Saint Germaine Cousin by Ermes Dovico

War in Ukraine, Papal mediation is a mismanaged operation

The contemptuous treatment meted out to Francis by Ukrainian President Zelensky was embarrassing for the pope and the Vatican. Serious mistakes were made, precisely from the diplomatic point of view. The Catholic Church has the task of teaching justice and salvation in Christ. It must not descend to the levels of the powerful of this earth.

Ecclesia 17_05_2023 Italiano Español
Pope Francis and Volodymyr Zelensky

The contemptuous treatment meted out to Francis by Ukrainian President Zelensky - "We don't need mediators" - after their meeting a few days ago [here] was, to say the least, embarrassing for the pope and the Vatican, not at all softened by a few words of circumstance and indeed aggravated by subsequent clarifications. The image depicting Francis at the centre of a cohort of Ukrainian government officials in camouflage suits and with weapons at their sides was certainly disheartening for the Holy See. Even the protocol could not be managed. It is true that the refusal of Vatican mediation clearly revealed the Ukrainian president eager to resolve the issue by force of arms alone, not allowing the other side any chance to set the slightest condition; it is also true that the grave responsibility of the European states in arming Ukraine without pushing for any peace process emerged as a result... but it cannot be denied that for Vatican diplomacy it was a failure that has severely tarnished its image.

Serious mistakes were made, precisely from the diplomatic point of view. No one would publicly express their willingness to mediate in a conflict without first having secured the acceptance of the parties involved. The third party offering to mediate must already be certain, before publicising the proposal, that it will be accepted. Acceptance or otherwise must not be a possibility but a prior certainty. If one does not have this certainty, it is better not to offer one’s services, given the damage to the image and influence that a possible 'No' would entail.

Secondly, if a 'secret' diplomatic action is launched, why say so in an interview while it is still in progress? And yet, this is precisely what Francis did on his return from Hungary, receiving in return the rejection of the Ukrainian government, which denied that such secret diplomatic activity really existed, thereby seriously embarrassing the Vatican, so much so that even Secretary of State Parolin had to intervene. The fact remains that no one can justifiably assert whether or not it was taking place.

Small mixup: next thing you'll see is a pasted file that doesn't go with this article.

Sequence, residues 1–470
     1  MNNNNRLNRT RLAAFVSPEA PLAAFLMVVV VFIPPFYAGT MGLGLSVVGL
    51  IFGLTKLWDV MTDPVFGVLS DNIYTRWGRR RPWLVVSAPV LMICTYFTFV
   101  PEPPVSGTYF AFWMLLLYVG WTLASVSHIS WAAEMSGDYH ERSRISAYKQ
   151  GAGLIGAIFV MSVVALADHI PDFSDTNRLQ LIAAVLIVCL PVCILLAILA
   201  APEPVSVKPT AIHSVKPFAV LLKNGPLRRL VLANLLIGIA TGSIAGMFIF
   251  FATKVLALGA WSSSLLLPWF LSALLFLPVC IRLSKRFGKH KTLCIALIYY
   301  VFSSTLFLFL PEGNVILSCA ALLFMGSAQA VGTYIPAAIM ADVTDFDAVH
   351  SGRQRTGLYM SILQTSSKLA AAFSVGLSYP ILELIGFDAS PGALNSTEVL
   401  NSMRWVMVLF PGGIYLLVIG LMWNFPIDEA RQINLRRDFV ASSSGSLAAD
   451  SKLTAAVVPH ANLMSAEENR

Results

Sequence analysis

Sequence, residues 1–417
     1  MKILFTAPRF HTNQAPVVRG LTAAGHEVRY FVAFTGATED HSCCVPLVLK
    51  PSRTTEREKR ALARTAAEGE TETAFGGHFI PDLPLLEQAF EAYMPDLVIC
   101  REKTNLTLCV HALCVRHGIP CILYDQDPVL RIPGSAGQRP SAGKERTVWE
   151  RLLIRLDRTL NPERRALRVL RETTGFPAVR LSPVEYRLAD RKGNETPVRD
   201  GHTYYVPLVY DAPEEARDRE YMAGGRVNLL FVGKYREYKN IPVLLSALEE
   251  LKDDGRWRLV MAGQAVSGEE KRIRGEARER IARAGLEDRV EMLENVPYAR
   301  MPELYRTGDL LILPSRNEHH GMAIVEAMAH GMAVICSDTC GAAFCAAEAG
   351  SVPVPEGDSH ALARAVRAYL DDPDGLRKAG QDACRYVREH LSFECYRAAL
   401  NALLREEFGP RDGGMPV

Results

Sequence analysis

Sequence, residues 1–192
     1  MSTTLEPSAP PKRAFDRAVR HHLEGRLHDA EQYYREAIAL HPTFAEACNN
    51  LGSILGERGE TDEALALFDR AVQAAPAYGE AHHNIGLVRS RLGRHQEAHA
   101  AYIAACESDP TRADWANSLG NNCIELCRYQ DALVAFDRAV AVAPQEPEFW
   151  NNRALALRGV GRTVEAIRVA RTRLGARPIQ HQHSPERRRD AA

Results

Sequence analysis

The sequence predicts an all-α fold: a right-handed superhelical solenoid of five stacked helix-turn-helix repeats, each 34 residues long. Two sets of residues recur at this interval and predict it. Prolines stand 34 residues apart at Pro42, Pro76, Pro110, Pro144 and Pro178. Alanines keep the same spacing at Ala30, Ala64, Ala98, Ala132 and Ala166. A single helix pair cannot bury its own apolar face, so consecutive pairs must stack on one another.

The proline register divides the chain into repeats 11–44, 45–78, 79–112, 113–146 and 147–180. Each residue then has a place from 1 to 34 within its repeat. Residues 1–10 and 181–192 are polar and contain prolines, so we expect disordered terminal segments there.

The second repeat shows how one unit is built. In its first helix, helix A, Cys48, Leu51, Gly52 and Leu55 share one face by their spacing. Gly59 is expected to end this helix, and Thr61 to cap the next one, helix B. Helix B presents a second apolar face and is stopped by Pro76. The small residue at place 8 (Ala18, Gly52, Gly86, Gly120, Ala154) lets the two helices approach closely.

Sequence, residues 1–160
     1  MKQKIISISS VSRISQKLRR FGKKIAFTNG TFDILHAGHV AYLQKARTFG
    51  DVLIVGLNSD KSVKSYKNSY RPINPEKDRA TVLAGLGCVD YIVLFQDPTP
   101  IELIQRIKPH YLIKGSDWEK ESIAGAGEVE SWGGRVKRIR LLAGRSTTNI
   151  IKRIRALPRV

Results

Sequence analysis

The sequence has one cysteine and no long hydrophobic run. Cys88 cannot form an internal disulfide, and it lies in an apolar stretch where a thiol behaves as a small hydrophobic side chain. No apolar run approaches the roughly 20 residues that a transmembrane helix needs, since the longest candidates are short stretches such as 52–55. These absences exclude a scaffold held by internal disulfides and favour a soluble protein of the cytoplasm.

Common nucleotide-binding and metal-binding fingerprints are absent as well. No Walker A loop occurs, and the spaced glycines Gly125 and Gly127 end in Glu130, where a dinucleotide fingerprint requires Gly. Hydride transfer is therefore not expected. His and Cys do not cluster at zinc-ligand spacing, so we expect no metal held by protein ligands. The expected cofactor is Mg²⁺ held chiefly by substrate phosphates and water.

The whole operation of the 'mediator pope' was therefore set to fail from the beginning and throughout its course, first of all from the point of view of strict diplomatic practice. These things should be carried out silently, making sure in advance that one is accepted (when in 1978 John Paul II averted war between Chile and Argentina over the Beagle Channel issue, his mediation had been requested by the parties), one organises communication and regulates the protocol of the meetings because in terms of image they are of great importance. 

This defeat contrasts with Francis' desire to position himself on the global level as a point of reference, even expressing his own 'geopolitics'. Father Antonio Spadaro, Jesuit director of 'La Civiltà Cattolica', has also written a book entitled “L’atlante di Francesco” [Francis Atlas]. According to him, Francis is against simplifiers and those who see everything as a definitive clash between good and evil; he would like to bring dialogue and mercy back to the centre of international relations, to work for a future of reconciliation. Spadaro says that “He loves to touch the open wounds that exist between peoples, between nations; he wants to touch the walls in order to heal them. The same gesture as Jesus!". Therefore, continues Spadaro, “it means that for him there are no festering situations that cannot be resolved; he wants to touch the wounded places because he knows that among peoples and nations there are no situations of conflict that cannot be resolved: it is a great opening towards the future”.

The fact is, however, that the Holy See's international prestige has declined in recent years and the latest act in this downward path has been Zelensky's 'No'. The Church's silence on the issue of human rights in China and its compromise with Beijing certainly played a role. But also the silence on old and new Latin American communist regimes. In that subcontinent there are governments, such as that of Nicaragua, that have long persecuted even churchmen, or others that accelerate the introduction of laws against life and the family, but no cries of alarm have been heard from Rome. Even with regard to Hong Kong and Venezuela, the pope has not intervened. Add to this his various 'political' speeches and the Catholic Church's substantial adherence to politically correct transitions, such as environmental and green, health, and the UN goals for 2030, which are certainly biased. All this has dimmed the international role of the Holy See.

The main question to ask is whether the Church has the task of diplomatic mediation. The Catholic Church has the task of teaching justice and salvation in Christ. It must not, therefore, descend to the levels of the powerful of this earth, posing as one of them and operating according to political criteria, which are not even well used. It may be the case that two nations, especially if of Catholic tradition, ask for mediation, but the pope must not propose himself as mediator, thus descending to a political and politicising level.